For Mother's Day Sweetie was given a new camera.
Now, Sweetie hasn't been a big photography nut in the past. But in her line of work, it's a good thing to be able to shoot a picture that she can then send to someone via email. The cell phone has a camera, but that camera isn't very good. It's the lowest common denominator, the kind of thing a manufacturer adds to a phone to be able to say the phone has a camera. Had there been a model without a camera, I might have gotten that one instead, that's how much I rely on and am impressed by this phone camera.
But moving on! This new camera of Sweetie's is quite something. It's conveniently small, small enough to ride in a shirt pocket without causing any discomfort. It claims many, many megapixels of resolution (especially compared to the phone camera), a modest zoom, the usual stuff.
But the pictures are where the story really lies, aren't they? And what pictures. I'll try to get Sweetie to dump a few into an email so I can post them here.
Imagine an iron crank wheel, about a foot across. It's used for raising the control gate on an old watermill close to where I live. On this crank wheel are a few bugs, a couple of spiders. Sweetie shoots pictures of them, raising their forelegs in aggressive stances to ward off the camera. There's also an ant.
Look at your thumb, at your thumbnail. See the pale half-moon shape at the base of the nail? Unless you're six years old, that pale space is big enough to fit this ant, maybe two of them.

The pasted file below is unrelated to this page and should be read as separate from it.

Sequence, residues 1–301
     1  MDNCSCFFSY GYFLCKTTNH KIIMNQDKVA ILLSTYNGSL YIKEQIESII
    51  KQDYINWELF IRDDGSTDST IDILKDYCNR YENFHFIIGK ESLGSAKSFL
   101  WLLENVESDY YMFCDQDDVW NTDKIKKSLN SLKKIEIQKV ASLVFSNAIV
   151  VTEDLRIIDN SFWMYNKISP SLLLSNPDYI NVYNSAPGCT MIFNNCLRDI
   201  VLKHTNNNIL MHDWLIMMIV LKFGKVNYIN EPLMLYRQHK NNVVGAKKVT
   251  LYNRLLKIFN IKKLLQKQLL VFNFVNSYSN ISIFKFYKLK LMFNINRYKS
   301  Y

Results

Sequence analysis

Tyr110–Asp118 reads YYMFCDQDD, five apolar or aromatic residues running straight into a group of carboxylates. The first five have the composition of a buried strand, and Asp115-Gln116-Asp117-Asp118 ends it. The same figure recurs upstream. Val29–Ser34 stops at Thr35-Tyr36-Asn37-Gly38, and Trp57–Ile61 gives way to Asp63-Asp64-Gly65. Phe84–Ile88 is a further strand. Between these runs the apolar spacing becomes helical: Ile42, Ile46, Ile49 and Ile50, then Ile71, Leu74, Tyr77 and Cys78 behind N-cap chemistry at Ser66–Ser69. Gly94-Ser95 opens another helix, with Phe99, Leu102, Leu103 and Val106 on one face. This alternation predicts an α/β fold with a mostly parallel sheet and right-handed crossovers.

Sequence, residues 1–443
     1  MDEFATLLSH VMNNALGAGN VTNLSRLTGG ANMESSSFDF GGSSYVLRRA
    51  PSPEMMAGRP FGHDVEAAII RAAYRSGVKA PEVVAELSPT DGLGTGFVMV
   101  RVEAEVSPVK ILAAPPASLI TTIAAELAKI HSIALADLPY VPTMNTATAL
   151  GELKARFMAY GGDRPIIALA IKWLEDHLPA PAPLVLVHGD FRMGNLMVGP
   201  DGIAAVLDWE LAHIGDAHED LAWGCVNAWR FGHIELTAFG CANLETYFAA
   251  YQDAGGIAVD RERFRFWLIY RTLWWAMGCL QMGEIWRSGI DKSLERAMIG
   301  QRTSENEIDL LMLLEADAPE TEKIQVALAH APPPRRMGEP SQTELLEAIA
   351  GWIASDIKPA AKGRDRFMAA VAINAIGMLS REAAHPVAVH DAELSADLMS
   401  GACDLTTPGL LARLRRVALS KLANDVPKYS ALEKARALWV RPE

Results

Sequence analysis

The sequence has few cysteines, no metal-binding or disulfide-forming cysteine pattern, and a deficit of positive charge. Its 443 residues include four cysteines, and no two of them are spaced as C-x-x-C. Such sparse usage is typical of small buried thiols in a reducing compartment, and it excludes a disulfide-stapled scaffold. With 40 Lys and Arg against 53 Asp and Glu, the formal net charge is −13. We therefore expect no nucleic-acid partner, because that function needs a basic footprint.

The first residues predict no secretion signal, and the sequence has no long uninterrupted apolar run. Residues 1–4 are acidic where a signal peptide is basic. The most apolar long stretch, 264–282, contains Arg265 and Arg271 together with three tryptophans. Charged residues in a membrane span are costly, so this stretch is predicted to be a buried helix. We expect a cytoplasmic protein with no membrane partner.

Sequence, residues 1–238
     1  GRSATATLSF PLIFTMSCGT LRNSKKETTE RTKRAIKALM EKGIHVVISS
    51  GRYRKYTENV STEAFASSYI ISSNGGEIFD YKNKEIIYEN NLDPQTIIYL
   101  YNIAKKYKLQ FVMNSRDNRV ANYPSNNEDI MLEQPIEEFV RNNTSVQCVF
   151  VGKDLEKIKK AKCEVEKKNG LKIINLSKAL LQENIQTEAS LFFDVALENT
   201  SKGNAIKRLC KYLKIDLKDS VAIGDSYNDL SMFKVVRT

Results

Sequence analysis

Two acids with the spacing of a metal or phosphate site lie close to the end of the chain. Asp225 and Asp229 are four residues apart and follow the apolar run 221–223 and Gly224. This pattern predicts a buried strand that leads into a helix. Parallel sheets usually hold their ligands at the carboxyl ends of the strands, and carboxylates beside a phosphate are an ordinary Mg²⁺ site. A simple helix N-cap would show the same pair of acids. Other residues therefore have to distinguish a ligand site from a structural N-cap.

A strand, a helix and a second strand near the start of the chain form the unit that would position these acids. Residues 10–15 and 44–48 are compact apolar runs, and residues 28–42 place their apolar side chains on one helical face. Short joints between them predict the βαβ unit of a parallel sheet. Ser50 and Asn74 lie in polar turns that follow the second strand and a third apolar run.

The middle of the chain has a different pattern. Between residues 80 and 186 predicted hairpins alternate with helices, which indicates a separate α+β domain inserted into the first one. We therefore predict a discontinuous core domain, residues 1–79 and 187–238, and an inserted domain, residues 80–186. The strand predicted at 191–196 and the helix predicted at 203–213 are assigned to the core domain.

But is it an ant? It moves like an ant, looks just like an ant, but as I watched, it lost its footing and fell off the wheel, as it walked around upside down, on the wheel's underside...
...and then climbed back up an invisible thread. I shot a few pictures of this tiny bug. Later, blowing them up on the TV until the ant itself was depicted nearly a foot long, we could clearly see: eight legs. Those front two, tapping and waving like antennae, are legs. It's an ant-mimic spider.
Sweetie shot a picture of a jumping spider on a rock. At regular magnification it looks like a lump of lichen next to other lumps. Blow it up and it gains definition until it's a little monster, gazing placidly from its many eyes, watching for food and threats. It's really quite handsome.
Fuzzy caterpillars become pale grey caterpillars hiding under thick tufts of individual bristles. They look so soft and cuddly when they're small; blow them up and their faces look like they belong on fruit bats.
One excellent picture shows the track of a leaf miner inside a rudbeckia leaf, as thin as a pencil line on one side of the leaf, expanding to become as wide as a thick marker line by the time it gets to the other side.
And that's another weekend morning spent without TV.
In other news: there's been some kind of weird fly hatch in my office. The place is absolutely lousy with flies, big slow ones. Time for the flypaper.